This in turn is leading the heads of distributions and sales in asset management firms to demand more reliable and trustworthy data from operations. They have recognised that high quality information about their products can be used as a differentiator in winning new business, and that it positions them to deliver best in class client service which leads to higher levels of customer retention.
This data is directly used in the monthly and quarterly production cycles that serve their clients with regular updates on investments and power up the sales engines and related materials in the go-to-market side of the business.
But, surely investors are only interested in the risk-adjusted performance? Why would the quality of information in point-of-sale documentation or reporting influence an investor?
The reality is that investors do not, and should not, use past performance as the sole criteria in their decision process any more – so many other factors are important. The same applies to distribution channels for funds - fund providers need to differentiate themselves from the pack.
So clearly the distribution channels want good products to sell, but they need good materials (and good information) to help them make their products stand out from the crowd.
They not only want good sales support materials though, they want them on time, and ideally, they want them before their competitors have theirs. They want to wow the investor with the breadth, depth, and timeliness of the information. They want to ensure that whatever they present matches 100% what the investor will find on the web.They want to use the latest technologies to deliver the information to the client – support for a touch screen tablet is the new must-have request from the field sales teams.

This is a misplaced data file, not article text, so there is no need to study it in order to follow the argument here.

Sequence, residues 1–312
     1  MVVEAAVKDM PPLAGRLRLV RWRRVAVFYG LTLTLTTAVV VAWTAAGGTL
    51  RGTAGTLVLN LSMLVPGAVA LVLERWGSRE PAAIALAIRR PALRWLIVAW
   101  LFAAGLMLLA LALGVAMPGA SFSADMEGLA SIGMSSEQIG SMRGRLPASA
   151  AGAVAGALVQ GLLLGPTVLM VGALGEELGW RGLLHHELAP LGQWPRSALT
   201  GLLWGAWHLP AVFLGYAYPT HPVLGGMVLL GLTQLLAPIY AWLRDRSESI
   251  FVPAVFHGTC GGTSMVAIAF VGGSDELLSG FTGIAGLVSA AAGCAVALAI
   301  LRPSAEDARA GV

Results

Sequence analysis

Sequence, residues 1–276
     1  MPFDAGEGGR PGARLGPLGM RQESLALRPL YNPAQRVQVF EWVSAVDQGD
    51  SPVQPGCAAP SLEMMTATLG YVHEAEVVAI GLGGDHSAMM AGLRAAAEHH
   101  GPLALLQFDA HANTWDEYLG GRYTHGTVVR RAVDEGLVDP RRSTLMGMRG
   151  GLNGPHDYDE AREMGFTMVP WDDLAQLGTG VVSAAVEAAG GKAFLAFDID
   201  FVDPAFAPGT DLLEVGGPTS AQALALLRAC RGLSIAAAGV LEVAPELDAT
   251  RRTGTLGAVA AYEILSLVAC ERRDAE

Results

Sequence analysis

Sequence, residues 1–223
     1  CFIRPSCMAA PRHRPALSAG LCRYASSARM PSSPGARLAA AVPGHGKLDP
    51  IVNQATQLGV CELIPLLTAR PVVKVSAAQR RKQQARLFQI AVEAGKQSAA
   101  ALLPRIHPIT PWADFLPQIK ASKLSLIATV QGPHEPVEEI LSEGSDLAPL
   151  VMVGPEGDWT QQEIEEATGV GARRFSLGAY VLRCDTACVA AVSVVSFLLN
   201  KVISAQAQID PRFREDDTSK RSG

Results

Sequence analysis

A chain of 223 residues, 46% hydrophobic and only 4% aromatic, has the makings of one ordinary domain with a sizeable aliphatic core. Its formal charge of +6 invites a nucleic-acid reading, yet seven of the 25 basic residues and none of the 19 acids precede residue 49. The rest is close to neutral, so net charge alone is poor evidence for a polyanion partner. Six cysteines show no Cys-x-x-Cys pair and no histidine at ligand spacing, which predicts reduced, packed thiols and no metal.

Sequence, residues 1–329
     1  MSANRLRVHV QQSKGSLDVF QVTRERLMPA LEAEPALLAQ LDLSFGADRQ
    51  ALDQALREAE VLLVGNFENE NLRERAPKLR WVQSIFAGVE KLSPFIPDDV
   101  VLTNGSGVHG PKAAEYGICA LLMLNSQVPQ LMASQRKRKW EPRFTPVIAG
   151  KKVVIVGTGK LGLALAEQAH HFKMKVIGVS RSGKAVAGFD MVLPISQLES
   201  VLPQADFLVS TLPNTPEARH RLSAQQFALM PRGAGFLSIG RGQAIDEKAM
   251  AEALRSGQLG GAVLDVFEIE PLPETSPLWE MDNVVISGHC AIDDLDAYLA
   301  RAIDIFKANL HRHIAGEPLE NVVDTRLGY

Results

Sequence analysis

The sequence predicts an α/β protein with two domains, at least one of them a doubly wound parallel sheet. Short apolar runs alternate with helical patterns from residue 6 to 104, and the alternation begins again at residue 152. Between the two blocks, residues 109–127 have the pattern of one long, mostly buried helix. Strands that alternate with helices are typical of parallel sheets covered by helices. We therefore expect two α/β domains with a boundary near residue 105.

So, having a good product is a given. Having smart and exciting ways of delivering point-of-sale information to the potential investor is a given. The best product in the world, and the sexiest of sexiest tablets will be useless if the content you are delivering is late, limited or just plain bad.
Investment decisions are built on trust, trust in the advisor, trust in the brand of the provider, and trust in the material being presented.
Trust in the product is built by providing clear, deep, transparent information on the product at point of sale – so one or two page fact sheets that are two months old do not cut the mustard.
Trust in the information being communicated is the foundation on which the investor will build their impressions – it is their window on to the organisations they are doing business with (or considering doing business with).
The investor wants an appropriate mix of qualitative and quantitative information – too much text and not enough stats make it look like you’re hiding something, too much stats and not enough text make it look like you have a lightweight analysis team.
The investor wants first-class, qualitative analysis of the market segment / strategy that the fund is targeting – they want to understand the product and market risks at play. They want quantitative and technical analysis that open the lid on where the performance and risk of the fund is being generated, and they want to understand how this breaks down when compared to peer-groups, external category averages and the stated benchmark.
Something which very few asset managers have embarked upon is providing advice on which products from the same provider (currently) have a correlation co-efficient that would lower the overall risk of a portfolio while maintaining overall target performance – think about how Amazon.com markets books that are related to each other.
Finally, clear unambiguous presentation of the fees/charges for the product, build confidence and support the trustworthiness of the advisor, provider and product alike.
To summarise, by sorting out the “plumbing” i.e. the flows and quality controls around product information from various internal and external sources, sales and distribution can leverage this reliable and trusted data to accelerate new customer acquisition and increase customer retention rates.